This book is a biography of the writer Jean Rhys and it proves that, in what concerns artistic talent, God (or nature) gives out this gift in ways that have nothing to do with fairness or human reason.
Rhys was a very talented author. Very talented. She was also a truly contemptible, worthless human being. Lilian Pizzichini tries to put as positive a spin as possible on Rhys’s behavior but even that doesn’t help.
Rhys was a prostitute. Not out of any particular poverty or need. And not because of any interest in sex, for she had none. But simply because she couldn’t be assed to figure out anything else to do. If a female friend tried to help her, giving her a very nice job and a beautiful place to live, she’d immediately try to sleep with her husband. Not out of any sort of uncontrollable passion but because why not? Men would fall in love with her and try to give her a nice life but she’d drive them away with constant moping, whoring, and a complete lack of responsibility.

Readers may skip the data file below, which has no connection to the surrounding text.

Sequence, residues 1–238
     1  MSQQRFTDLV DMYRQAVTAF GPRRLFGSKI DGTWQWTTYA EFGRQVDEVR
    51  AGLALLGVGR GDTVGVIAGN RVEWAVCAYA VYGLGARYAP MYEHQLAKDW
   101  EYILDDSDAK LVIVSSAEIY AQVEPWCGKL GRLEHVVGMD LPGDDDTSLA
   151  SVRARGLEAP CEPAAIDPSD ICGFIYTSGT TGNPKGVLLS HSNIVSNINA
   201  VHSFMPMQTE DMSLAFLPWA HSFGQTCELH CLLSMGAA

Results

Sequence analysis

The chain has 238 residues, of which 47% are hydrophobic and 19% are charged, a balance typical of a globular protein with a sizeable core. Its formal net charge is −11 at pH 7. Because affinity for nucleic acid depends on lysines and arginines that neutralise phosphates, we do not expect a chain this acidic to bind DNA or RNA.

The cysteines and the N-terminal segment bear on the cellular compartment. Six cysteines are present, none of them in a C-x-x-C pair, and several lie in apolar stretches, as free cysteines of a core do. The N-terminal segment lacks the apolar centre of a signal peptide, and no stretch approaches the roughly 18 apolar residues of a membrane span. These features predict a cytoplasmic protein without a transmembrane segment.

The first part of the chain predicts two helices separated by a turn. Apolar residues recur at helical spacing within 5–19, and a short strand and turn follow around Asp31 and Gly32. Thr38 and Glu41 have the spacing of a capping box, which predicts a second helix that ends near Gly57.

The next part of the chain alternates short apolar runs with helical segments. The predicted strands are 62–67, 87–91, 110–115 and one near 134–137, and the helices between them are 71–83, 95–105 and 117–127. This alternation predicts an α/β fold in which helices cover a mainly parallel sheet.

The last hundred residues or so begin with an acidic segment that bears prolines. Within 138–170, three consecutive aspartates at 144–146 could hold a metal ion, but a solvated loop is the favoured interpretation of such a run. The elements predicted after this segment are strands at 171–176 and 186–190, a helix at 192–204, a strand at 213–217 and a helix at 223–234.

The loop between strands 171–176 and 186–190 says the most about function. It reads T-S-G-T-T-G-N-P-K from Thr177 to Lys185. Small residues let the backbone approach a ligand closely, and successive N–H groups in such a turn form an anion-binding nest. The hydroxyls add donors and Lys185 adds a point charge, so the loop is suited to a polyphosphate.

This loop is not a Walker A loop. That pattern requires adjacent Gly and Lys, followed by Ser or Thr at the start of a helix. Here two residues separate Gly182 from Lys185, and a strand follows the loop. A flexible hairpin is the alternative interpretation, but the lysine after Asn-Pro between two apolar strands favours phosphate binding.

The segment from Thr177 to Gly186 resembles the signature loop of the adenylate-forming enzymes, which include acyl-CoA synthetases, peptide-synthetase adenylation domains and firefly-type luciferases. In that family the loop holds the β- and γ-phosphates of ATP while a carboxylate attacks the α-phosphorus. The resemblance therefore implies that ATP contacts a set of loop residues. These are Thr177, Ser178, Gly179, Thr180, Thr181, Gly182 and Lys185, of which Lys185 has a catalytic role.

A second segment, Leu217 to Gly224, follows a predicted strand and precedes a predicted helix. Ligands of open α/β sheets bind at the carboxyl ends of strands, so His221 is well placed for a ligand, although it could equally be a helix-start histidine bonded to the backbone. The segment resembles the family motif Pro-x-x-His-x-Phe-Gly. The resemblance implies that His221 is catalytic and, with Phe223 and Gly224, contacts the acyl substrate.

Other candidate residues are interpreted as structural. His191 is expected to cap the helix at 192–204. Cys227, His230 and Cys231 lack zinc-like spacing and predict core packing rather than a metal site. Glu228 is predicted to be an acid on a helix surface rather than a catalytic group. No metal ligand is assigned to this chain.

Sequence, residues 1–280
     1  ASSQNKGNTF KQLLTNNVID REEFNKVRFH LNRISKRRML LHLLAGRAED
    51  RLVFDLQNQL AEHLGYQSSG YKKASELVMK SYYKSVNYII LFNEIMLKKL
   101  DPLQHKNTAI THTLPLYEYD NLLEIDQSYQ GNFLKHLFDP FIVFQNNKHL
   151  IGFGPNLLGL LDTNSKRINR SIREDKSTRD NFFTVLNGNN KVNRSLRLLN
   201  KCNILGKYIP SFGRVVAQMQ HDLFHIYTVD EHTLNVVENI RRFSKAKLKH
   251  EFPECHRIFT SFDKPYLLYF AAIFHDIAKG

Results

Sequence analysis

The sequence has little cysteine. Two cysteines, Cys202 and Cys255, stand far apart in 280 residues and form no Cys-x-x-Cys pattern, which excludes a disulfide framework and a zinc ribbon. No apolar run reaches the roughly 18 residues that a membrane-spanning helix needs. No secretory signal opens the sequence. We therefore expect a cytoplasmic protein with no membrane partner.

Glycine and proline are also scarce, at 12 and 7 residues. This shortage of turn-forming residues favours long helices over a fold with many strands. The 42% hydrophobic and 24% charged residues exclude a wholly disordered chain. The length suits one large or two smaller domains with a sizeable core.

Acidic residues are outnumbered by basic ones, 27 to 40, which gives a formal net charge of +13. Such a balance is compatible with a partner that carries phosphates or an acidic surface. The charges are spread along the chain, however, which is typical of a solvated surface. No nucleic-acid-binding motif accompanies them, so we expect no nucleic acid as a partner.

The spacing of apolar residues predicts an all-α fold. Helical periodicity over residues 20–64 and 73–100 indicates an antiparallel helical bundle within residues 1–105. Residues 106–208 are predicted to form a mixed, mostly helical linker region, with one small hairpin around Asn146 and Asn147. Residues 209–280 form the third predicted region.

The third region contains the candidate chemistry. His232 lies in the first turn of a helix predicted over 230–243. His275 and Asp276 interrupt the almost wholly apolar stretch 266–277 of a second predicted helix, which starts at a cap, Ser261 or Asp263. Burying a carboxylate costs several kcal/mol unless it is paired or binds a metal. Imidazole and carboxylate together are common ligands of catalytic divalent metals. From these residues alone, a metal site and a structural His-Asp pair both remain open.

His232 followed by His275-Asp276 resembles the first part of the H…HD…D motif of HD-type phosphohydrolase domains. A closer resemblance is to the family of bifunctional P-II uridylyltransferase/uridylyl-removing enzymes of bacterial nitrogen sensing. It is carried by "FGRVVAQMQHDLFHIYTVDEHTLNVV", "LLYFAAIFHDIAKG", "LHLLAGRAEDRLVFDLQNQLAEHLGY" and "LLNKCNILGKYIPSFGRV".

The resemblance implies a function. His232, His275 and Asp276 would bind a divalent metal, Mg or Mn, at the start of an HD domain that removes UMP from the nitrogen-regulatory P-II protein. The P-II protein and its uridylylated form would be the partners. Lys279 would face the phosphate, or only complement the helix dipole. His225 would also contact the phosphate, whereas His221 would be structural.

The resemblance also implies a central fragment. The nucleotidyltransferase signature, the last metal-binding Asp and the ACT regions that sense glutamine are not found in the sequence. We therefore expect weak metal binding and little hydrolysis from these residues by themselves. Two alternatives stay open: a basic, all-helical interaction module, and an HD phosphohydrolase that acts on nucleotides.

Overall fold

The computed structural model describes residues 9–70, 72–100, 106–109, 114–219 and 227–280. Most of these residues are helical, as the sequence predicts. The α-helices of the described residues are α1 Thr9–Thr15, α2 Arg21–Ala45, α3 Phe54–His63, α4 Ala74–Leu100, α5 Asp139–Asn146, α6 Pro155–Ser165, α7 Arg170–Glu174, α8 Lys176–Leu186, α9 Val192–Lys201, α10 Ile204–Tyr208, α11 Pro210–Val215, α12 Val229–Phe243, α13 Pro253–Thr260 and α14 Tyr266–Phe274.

Rhys had two children but couldn’t be assed to take care of them. As a result, one of the kids died in infancy because of simple neglect. Friends tried to raise the surviving child but Rhys kept dragging the girl away and then abandoning her whenever it served the purposes of some relationship du jour with yet another man.
Pizzichini keeps offering excuses for Rhys’s behavior. She was depressed, she was helpless, nobody taught her how to take care of children, she was traumatized, she was under the weather. This soon gets boring, though. In a biography, you want to see some growth, a journey towards some sort of an enlightenment. But Rhys is like one of those perennially infantile women I wrote about in my first book. She’d commit any atrocity to defend her right never to grow up.
As I said, Rhys was a talented writer. But God, what a contemptible piece of human refuse she also was.